Internet and the Music Industry

In: Business and Management

Submitted By Guntermingram
Words 764
Pages 4
Chapter 3 Job-costing systems

Terms used for costing systems: * Cost object: anything for which a separate measurement of costs is desired. * Direct costs of a cost object: costs that are related to the particular cost object and can be traced to it in an economically feasible (cost-effective) way. * Indirect costs of a cost object: costs that are related to the particular cost object but cannot be traced to it in an economically feasible way. Indirect costs are allocated to the cost object using a cost-allocation method.
(cf table p.61)

Two other important concepts: * Cost pool: a grouping of individual cost items. Cost pools can range from the very broad (a company-wide total-cost pool for fax machines) to the very narrow (costs of operating a car). * Cost-allocation base: a factor that is the common denominator for systematically linking an indirect cost or group of indirect costs to a cost object. Can be financial (such as direct labour) or non-financial (number of car kilometres travelled).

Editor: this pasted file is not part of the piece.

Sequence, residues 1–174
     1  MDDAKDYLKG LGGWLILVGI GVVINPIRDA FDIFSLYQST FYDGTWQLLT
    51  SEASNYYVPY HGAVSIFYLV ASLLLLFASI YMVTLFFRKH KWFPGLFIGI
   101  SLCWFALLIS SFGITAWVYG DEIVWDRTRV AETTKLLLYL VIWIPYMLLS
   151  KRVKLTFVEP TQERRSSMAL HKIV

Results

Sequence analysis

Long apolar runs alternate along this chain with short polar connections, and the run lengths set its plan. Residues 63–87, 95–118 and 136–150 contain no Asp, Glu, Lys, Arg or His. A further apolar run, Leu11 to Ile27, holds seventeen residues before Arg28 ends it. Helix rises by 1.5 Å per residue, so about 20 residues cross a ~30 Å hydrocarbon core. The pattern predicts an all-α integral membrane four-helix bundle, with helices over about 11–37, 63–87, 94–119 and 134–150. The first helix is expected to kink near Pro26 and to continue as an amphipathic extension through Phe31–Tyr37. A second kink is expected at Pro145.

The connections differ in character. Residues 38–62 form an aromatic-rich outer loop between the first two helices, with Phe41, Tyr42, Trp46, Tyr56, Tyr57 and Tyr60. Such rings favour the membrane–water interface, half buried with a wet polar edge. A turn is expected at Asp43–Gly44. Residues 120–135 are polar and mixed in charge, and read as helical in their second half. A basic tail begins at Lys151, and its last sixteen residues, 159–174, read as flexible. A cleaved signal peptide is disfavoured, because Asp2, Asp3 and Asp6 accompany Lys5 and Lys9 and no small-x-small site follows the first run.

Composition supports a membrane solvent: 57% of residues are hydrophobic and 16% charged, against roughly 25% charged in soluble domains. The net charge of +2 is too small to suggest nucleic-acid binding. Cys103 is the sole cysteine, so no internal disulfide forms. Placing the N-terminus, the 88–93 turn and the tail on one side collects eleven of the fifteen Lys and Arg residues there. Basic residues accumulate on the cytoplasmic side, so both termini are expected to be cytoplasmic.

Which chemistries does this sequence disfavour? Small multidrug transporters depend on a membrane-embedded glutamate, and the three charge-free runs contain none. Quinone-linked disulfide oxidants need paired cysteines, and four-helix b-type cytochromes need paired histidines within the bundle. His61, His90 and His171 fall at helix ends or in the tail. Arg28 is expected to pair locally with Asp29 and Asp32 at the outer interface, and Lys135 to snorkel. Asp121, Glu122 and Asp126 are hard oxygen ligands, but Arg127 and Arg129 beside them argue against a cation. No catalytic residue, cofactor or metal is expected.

These five terms constitute the building blocks that are considered relevant in the design of costing systems. Two basic types of costing system to assign costs to products or services: * Job-costing system: costs are assigned to a distinct unit. [a job is a task for which resources are expended in bringing a distinct product or service to market.] * Process-costing system: the cost object is masses of identical or similar units. The customers all receive the same product.
Most companies neither pure job costing nor pure process costing. → they combine elements of both. * The products or services accounted for with job costing can differ greatly. * Companies that use process costing provide similar products or services to their customers. (a bank usually provides the…...

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